2010-07-14 / Local News

Pioneer helped build Israel and Jewish camping movement

MEET ARIE GLUCK…
By DAVID PORTNOE Voice staff

AGE:
80
FAMILY:
Late wife Elaine; children
Roni, Ruth, and
Gill; 7 grandchildren
SYNAGOGUE:
Temple Emanuel &
Cong. M’kor Shalom
HOBBIES:
Travel and photography
FAVORITE FOOD:
Hungarian Goulash
FAVORITE FILM:
“For Whom the Bell
Tolls” with Gary Cooper
& Ingrid Bergman

When Voorhees resident Arie Gluck tells you that he has led an eventful life, he’s not exaggerating. He has not just watched history go by. He has made it.

Born in Czechoslovakia, his Zionist parents brought him to Palestine in 1933 at the age of three. At the age of 15, he was in the Haganah, Israel’s pre-state army. At the age of 17, he was in the Palmach, the Haganah’s special forces unit. He was wounded in Israel’s War of Independence. He met David Ben-Gurion, Israel’s first prime minister, and knew those who led the modern state of Israel at the time of its birth.

Gluck was also present at another seminal moment in Israel’s early history when he became a member of Israel’s first Olympic team. Gluck ran the 400 and 800 meters at the 1952 Helsinki Games.

“We were glad that we represented the nation of Israel for the first time and that the Israeli flag flew with the flags of other nations,” said Gluck. He recalled the emotion of the moment when the Finnish army played Hatikvah, Israel’s national anthem, when the Israeli flag was raised at the Olympic Village. “Jews on teams from other countries came just to see the ceremony. Many people cried when they heard Hatikvah played and saw the flag of Israel,” he said.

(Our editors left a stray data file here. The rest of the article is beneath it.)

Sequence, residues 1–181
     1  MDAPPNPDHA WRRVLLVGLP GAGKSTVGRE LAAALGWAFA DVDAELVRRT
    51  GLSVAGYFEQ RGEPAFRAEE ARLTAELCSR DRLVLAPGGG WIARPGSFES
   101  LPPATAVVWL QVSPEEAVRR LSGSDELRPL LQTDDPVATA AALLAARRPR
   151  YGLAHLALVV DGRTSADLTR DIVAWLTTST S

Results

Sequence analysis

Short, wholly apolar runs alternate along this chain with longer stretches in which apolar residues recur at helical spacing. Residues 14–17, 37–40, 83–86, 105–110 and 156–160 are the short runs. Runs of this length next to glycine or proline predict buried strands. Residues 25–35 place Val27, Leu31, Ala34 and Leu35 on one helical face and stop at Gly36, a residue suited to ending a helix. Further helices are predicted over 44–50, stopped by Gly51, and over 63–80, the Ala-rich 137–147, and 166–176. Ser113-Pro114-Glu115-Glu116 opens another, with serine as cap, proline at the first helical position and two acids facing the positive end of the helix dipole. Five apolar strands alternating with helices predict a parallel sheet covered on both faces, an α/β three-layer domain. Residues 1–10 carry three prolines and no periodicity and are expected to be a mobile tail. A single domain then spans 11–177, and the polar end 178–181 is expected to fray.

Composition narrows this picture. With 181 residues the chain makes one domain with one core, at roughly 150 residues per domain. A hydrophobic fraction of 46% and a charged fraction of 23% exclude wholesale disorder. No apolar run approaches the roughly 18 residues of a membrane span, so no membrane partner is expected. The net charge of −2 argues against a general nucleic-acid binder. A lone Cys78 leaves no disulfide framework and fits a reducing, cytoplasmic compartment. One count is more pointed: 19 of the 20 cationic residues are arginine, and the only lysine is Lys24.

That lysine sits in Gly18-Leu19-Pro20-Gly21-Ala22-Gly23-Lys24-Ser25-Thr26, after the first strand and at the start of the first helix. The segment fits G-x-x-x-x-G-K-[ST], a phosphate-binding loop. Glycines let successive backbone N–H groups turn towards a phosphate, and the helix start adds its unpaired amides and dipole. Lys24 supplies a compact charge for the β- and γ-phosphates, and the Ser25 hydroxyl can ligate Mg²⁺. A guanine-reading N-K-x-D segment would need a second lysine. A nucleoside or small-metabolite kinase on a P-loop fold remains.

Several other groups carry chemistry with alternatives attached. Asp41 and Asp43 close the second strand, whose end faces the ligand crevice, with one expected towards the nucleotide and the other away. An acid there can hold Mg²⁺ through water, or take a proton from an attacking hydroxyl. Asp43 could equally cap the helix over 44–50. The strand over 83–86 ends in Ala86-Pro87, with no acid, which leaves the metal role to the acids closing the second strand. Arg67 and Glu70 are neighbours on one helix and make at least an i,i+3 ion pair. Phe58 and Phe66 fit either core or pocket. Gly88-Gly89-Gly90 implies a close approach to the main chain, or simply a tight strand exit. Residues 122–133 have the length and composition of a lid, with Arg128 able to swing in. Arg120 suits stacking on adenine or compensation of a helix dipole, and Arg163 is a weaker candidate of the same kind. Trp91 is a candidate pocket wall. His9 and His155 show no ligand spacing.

It was Gluck’s participation in the Olympics that ultimately brought him to the United States. His athletic prowess led him to be recruited by Adelphi University on Long Island. He competed in venues ranging from Madison Square Garden to the famed Penn Relays.

A job as physical education director at the JCC brought Gluck to Southern New Jersey in 1959. In 1966, he became director of the Reform movement’s Camp Harlam in the Poconos. Ultimately, Gluck oversaw all 12 of the Reform movement’s camps. He retired in 2002, but still serves as a consultant to the camp directors. He also stays fit by working out at the Katz JCC, where his daughter Ruth serves as associate director. Earlier in her career, Ruth Gluck served as the JCC’s phys ed director, following in her father’s footsteps.

Gluck is a great believer in Jewish camping, having witnessed the impact it has on young Jews. “All the organizational Jewish camps instill pride in being a Jew and knowledge of Jewish heritage and history,” he said. Gluck noted that many Jewish leaders are products of Jewish camps.

One of Gluck’s particular points of pride is the connection to Israel that he helped create for his campers. He initiated trips to Israel for the campers as well as created programs that brought Israelis to camp. One program brought to Camp Harlam 35 Israeli children whose fathers were Israeli pilots killed defending the country.

Although he said that he lives “quietly,” Gluck does not seem to be the retiring type. In addition to working out and spending time with family, he travels to Israel often. A film lover, he serves on the Katz JCC’s Israeli Film Festival Committee. He also continues to be involved in Jewish camping.

Quite an eventful life indeed. .

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